May 23, 2016: 5:00 pm


PBA Contract Ad Brings Human Side To Case for Cop Raises Above Norm

Assails Mayor As Playing Officers Cheap


Michael Friang
PATRICK J. LYNCH: 'Don't ignore our families' needs'

The Patrolmen’s Benevolent Association has fired yet another salvo in its ongoing contract battle with the de Blasio administration, this time in a TV ad—featuring an NYPD officer’s family—accusing the Mayor of practicing the same “income inequality” with city cops that he vowed to eliminate when he campaigned for City Hall.

On May 16, the PBA launch­ed the ad campaign blasting Mayor de Blasio and his administration for “refusing to support fair pay for New York City police officers.” The ad features a woman identified only as “Jennifer,” the wife of an NYPD officer.

‘Every Month We Struggle’

Speaking shyly and without the benefit of a script, Jennifer says: “My husband is a New York City police officer for 10 years. Every month we pretty much struggle; we have a mortgage, car payments, three kids in school…We can’t afford to live in the city my husband protects.”

At one point during the ad, an image of the couple’s three young daughters appears on the screen, and at other points, a pair of messages, in white lettering on a black background, are shown.

“On average, New York City cops make 34% less than other cops, both locally and nationally,” reads one message. The second states: “Mayor de Blasio promised to end income inequality.”

As the ad closes, Jennifer addresses the Mayor directly, saying in a halting voice: “Mayor de Blasio, I don’t think it’s fair. He protects this city 24/7 and he has a family that he needs to support.”

‘Broken Promises’

PBA President Patrick J. Lynch said the ad will be part of a million-dollar campaign aimed at sharing the stories of financially-stressed police officers’ families—and highlighting Mr. de Blasio’s “broken promises”—with TV view­ers citywide.

Mr. Lynch charged that the Mayor “has taken no action to fix income equality in his own increasingly-diverse police department,” noting that 53 percent of the latest NYPD Academy class consisted of people of color.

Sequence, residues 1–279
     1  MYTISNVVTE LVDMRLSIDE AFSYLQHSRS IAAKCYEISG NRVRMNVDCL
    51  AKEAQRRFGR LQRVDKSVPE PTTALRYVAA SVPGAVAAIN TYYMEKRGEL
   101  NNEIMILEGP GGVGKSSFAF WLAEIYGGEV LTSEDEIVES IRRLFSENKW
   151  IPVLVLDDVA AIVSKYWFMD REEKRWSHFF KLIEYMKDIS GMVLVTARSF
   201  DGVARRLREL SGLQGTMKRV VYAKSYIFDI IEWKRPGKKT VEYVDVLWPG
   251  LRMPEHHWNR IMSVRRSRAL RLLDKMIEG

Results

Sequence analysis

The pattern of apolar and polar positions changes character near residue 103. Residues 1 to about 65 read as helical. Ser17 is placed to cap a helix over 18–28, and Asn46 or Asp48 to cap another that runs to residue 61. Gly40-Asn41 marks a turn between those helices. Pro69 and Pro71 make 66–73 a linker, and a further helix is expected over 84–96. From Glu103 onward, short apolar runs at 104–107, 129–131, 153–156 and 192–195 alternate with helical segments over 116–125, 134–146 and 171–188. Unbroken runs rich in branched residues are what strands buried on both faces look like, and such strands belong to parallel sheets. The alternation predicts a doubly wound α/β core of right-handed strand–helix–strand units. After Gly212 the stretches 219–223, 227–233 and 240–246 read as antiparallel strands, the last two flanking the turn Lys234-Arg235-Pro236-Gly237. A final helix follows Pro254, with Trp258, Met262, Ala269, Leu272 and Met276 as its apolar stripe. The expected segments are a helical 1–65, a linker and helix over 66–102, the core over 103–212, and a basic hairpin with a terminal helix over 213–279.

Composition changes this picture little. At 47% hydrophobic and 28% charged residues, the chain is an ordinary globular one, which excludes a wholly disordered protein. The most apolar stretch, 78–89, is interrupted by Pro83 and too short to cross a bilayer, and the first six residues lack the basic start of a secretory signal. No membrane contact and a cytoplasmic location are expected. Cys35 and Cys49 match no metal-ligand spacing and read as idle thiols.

“As you watch Jennifer speak passionately about how hard it is to pay the mortgage or provide clothing for their little girls, you are seeing first-hand the struggle that is taking place inside the homes of all our New York City police officers as they try to support their families,” the PBA leader said.

“The Mayor can try to ignore our police officers, but to ignore their families would be an insult to every family in our city trying to get by,” he added. The Mayor can fix this problem, and he needs to fix it now.”

‘Pay Us Market Rate’

In contract negotiations, Mr. Lynch has steadfastly asked for a “market-rate” wage hike for his members aimed at closing the gap between city cops and their counterparts in neighboring jurisdictions.

“We’re of the mind that our officers are the only (job) title in the city that is not earning a market rate of pay,” said a spokesman for the union leader. “Four of the last five contract negotiations (between the city and the PBA) went to arbitration. One was for a four-year contract. We’re willing to take a longer-term contract, but it’s got to be at a market rate of pay that our officers deserve and certainly have earned.”

In response to the PBA criticism, mayoral spokeswoman Monica Klein said: “Our door has always been—and continues to be—open to the PBA to negotiate a long-term contract, as we’ve done with nearly the entire City workforce to date.”

Mr. Lynch and his predecessors have objected to the city’s attempts over the years to establish a bargaining pattern with another uniformed union and then use it to thwart the PBA’s attempts to get bigger raises by making the argument that giving Police Officers more than those in higher ranks in the NYPD or city Firefighters would disturb longstanding salary relationships and produce either chaos or gridlock in municipal bargaining.

Fury Over 1% Hikes

In the most-recent arbitration, completed last November, the union was forced to accept two 1-percent raises for its members when the panel’s chairman, Howard Edelman, accepted the de Blasio administration’s rationale and gave Police Officers the same raises that were negotiated by other uniformed unions in the first two years of a longer contract. Under the rules of the state Public Employment Relations Board, arbitration awards can’t exceed two years unless both sides agree.

The PBA responded by holding an early-morning rally outside Mr. Edelman’s Upper East Side apartment building and harshly criticizing him in a newspaper ad campaign that continued for three weeks after his ruling was finalized. Negotiations have resumed between the union and the city but little progress has been reported since their first sitdown last December.